“You don’t see a lot of small craters on the landslide material itself,” Singer said, although the surrounding terrain boasts evidence of bombardment. Over time, landscapes tend to be dotted by falling rocks, so the less cratered a surface is, the younger it is thought to be. [Photos of Saturn's Moons]
Resting on the ridges and walls, the material gradually becomes more unstable. Close impacts could set them off, but powerful, distant impacts reverberating through the ice could also send them tumbling.
The research was published in the July 29 issue of the journal Nature Geoscience.
Connecting ice and rock
Differences in gravity, atmosphere and water content make landslides seen on Iapetus difficult to duplicate in the laboratory. But the fact that they happen on different types of worlds makes it more likely that the mechanism triggering the extended slide is dependent on things unique to either environment.
“We have them on Iapetus, Earth and Mars,” Singer said. “Theoretically, they should be very similar.”
Singer pointed out the implications for friction within fault lines, which produces earthquakes. As plates on Earth move, the rocks within a fault snag on each other, until forces drag them apart. But sometimes, the faults slip farther than scientists can explain based on their understanding of friction. If flash heating occurs within the faults, it could explain why the two opposing faces slide the way they do, and provoke a better understanding of earthquakes.
In such cases, flash heating would cause minerals to melt and reform, producing an unexpected material around the faults. Some such materials have been identified at the base of long landslides on Earth.
“If something else is going on, like flash heating, or something making [the material] have a lower coefficient of friction, this would affect any models that use the coefficient of friction,” Singer said.
The thick, hazy atmosphere of Titan, Saturn’s largest natural satellite, hides a complex moon with a perplexing geological past, a new study finds.
Researchers from the Massachusetts Institute of Technology (MIT) in Cambridge and the University of Tennessee at Knoxville studied images of Titan to investigate the erosion of its terrain, over millions of years, by rivers of liquid methane.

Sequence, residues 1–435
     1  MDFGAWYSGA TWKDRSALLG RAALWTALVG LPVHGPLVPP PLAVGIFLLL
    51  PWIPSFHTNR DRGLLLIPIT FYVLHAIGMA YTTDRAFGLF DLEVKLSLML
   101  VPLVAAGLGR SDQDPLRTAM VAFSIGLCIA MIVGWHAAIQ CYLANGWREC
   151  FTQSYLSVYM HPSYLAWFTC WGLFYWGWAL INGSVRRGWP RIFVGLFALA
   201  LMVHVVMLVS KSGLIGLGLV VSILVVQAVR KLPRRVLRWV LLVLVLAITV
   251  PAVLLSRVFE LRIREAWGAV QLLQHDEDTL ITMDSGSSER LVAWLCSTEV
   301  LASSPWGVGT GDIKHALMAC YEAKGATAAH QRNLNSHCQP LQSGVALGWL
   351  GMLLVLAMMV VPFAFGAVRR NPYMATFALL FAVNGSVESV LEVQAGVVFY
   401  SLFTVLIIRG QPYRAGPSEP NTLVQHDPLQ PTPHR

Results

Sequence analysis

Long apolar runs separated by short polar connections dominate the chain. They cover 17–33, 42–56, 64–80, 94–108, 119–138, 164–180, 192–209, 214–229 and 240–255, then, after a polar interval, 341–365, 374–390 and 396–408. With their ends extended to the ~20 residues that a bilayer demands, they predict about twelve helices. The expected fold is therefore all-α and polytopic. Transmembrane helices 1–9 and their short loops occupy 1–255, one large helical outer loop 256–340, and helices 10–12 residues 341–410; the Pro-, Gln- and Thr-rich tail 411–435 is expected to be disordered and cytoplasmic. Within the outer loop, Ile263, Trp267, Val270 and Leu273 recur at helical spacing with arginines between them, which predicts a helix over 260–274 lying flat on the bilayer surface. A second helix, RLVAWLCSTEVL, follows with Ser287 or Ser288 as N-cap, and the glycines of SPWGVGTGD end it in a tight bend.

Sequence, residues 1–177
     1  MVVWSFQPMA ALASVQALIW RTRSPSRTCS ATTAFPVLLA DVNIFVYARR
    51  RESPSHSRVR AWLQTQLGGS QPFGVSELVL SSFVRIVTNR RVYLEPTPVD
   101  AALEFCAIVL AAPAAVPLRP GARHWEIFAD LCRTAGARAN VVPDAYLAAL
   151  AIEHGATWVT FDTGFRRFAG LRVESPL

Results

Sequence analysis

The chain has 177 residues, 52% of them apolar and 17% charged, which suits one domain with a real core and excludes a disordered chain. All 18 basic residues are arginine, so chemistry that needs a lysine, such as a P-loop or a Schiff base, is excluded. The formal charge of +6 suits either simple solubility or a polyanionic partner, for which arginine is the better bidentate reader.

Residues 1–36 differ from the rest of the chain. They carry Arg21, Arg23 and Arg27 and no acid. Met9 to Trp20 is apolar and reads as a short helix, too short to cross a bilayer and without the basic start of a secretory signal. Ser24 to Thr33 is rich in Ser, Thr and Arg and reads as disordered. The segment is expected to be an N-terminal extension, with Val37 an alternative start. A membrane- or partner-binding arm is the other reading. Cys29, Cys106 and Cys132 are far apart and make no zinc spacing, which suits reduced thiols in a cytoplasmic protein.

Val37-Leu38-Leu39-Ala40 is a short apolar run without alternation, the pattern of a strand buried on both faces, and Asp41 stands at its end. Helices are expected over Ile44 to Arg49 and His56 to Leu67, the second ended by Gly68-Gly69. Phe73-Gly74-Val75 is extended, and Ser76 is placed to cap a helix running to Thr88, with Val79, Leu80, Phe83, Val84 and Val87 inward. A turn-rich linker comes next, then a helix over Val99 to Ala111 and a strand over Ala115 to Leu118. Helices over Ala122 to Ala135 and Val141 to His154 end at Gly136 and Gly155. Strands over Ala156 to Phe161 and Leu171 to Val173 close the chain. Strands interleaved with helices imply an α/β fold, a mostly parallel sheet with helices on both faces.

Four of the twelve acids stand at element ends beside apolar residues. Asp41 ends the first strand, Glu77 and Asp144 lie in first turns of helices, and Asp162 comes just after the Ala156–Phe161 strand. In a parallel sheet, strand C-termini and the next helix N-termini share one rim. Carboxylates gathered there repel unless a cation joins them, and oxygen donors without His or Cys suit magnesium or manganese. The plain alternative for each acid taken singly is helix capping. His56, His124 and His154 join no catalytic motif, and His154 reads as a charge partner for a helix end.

The scientists found that in some regions, Titan’s network of rivers caused surprisingly little erosion, which could indicate that erosion processes on Titan occur extremely slowly, or that a different, more recent phenomena is to blame for altering or eliminating ancient riverbeds and landforms, the researchers said.
“It’s a surface that should have eroded much more than what we’re seeing, if the river networks have been active for a long time,” study co-author Taylor Perron, an assistant professor at MIT, said in a statement. “It raises some very interesting questions about what has been happening on Titan in the last billion years.”
Peering into Titan’s past
Titan is estimated to be approximately four billion years old, roughly the same age as the rest of the solar system, the researchers explained. The moon’s dense atmosphere, largely made up of methane and nitrogen, created a thick orange haze that prevented astronomers from being able to see through to the surface.
In 2004, however, NASA’s Cassini spacecraft pierced through Titan’s cloudy cloak and snapped the first set of detailed radar images of the moon’s surface. Cassini occasionally flies past Titan as it orbits Saturn.
The images showed that Titan’s icy terrain was carved out over millions of years by rivers of liquid methane, similar to how rivers on Earth leave their mark on the planet’s rocky continents, the researchers said. But, while Titan’s current landscape is now well documented, its geologic past remains a mystery. [Amazing Photos: Titan, Saturn's Largest Moon]
Most moons in the solar system are heavily pockmarked, with impact craters dotting their surfaces. Titan, on the other hand, is relatively smooth, despite the moon being roughly the same age as the rest of the solar system. Simply judging by its surface features, Titan would appear to be much younger, between 100 million and 1 billion years old, the researchers said.
To explain Titan’s lack of craters, the researchers pointed to our own planet.
“We don’t have many impact craters on Earth,” Perron said. “People flock to them because they’re so few, and one explanation is that Earth’s continents are always eroding or being covered with sediment. That may be the case on Titan, too.”
Finding clues on Earth
Geological processes, such as plate tectonics, erupting volcanoes, advancing glaciers and river networks, have altered Earth’s surface over billions of years. According to the results of the new study, similar processes, including tectonic upheaval, icy lava eruptions, erosion and sedimentation by rivers, may also be factors on Saturn’s largest moon.
Still, pinpointing which specific phenomena may have reshaped Titan’s surface is a tricky task. Images taken by the Cassini spacecraft provide bird’s-eye views of the terrain, with no details about a landform’s elevation or depth.
“It’s an interesting challenge,” Perron said. “It’s almost like we were thrown back a few centuries, before there were many topographic maps, and we only had maps showing where the rivers are.”